An unpublished chapter of “The Autobiography of Malcolm X” which had been out of the public eye as it had remained in private hands for decades, was sold to the New York Public Library on Thursday.
The New York Public Library’s Schomburg Center for Research in Black Culture, in Harlem, acquired the unpublished chapter titled “The Negro” and the manuscript of Malcolm X’s autobiography that contained handwritten edits by him and his collaborator Alex Haley. More information would be released Friday, according to a library spokeswoman.
The unpublished portions of the civil rights activist’s biography had been thought too controversial to be published when the book came out in 1965. But the notion of unpublished chapters had intrigued historians and scholars for years.
“Knowing that there exists chapters that were not included in the final production has inspired a quest really to find out how did Malcolm want to finish the story,” said Zaheer Ali, an oral historian at the Brooklyn Historical Society. “What did he say that wasn’t included? Why did it not get included? There are so many questions about what he meant, what he was trying to convey.”
The unpublished portions had remained with Haley, the author of “Roots,” who had collaborated with Malcolm X on his biography. When Haley died in 1992, the “lost chapters” were purchased by an attorney, Gregory Reed, in an auction.
This week, about 17 pieces, including unpublished chapters and documents written by Malcolm X and Haley, as well as the 257-page manuscript of his biography, were put on auction at Guernsey’s, a New York-based auction house.
The prospect of the unpublished pieces coming into public had excited scholars, students and others who had closely followed the iconic black leader’s life.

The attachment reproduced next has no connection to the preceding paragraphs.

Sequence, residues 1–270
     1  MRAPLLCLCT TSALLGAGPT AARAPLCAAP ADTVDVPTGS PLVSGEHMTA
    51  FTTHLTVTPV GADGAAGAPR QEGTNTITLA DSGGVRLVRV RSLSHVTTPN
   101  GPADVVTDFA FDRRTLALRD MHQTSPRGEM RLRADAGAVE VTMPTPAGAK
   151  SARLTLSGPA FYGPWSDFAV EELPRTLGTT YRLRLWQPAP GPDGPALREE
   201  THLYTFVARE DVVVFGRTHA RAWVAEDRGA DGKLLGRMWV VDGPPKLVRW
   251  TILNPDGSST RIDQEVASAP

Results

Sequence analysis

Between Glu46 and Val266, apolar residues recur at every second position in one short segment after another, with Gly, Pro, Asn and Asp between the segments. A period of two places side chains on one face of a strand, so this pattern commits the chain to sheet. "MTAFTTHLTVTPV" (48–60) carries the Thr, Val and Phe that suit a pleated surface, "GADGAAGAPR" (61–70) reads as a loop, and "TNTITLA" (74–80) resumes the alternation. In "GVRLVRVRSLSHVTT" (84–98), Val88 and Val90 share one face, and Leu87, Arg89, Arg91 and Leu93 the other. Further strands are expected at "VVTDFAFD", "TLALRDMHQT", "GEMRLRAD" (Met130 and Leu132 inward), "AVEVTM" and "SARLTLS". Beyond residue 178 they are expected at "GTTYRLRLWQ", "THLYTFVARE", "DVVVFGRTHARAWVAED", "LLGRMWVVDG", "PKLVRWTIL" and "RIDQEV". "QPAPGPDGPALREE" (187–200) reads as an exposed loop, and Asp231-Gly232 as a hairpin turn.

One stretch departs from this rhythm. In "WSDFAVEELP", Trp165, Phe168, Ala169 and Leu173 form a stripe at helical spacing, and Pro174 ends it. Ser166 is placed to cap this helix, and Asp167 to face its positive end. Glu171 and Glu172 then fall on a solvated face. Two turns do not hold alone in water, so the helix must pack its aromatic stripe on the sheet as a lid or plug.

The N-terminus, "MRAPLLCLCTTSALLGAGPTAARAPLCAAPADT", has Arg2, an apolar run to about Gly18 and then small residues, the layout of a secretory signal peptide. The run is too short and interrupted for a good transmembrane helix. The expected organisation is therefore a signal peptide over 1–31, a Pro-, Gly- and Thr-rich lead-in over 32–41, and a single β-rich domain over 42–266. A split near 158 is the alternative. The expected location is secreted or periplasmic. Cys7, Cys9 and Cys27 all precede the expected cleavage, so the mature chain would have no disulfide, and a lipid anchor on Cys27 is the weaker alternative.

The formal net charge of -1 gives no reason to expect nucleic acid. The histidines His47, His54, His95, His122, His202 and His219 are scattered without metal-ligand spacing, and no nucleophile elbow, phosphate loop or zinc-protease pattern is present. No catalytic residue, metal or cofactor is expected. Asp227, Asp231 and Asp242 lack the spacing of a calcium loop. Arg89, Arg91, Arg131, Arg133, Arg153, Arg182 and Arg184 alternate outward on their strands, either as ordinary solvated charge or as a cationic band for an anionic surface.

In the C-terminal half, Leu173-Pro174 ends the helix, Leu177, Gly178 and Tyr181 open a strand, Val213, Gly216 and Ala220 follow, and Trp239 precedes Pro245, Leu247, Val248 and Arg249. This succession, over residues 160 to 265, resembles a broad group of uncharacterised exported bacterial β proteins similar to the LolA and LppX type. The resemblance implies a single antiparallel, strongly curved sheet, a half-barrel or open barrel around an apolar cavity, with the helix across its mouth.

Ali said that he learned in the early 2000s in a book that there were three chapters that never made it into the final text of the biography. At that time, he was working as the project manager for the Malcolm X Project at Columbia University.
“There were pieces of Malcolm X’s story scattered across the country and we were trying to find them,” he said. “They were privately owned, never made available to the public. I mean people had papers and recordings in their garages.”
Ali said he was elated to hear that the documents will go to the Schomburg Center for Research in Black Culture, because “it’s the fittest place to be, given that Malcolm’s papers are there, including his diary.” Both the manuscript with the original notes and the unpublished pieces would provide insight into the iconic leader’s life, he said.
“His story belongs to the masses,” Ali said.
Guernsey’s two-day auction featured African-American historic and cultural items, including a letter by Rosa Parks in which she described her first encounter with Martin Luther King Jr., the first record label contract signed by the Jackson Five in 1967 and a Steinway Grand piano owned by jazz legend Art Tatum. The auction house did not return CNN’s request for comment on the outcome of the auction.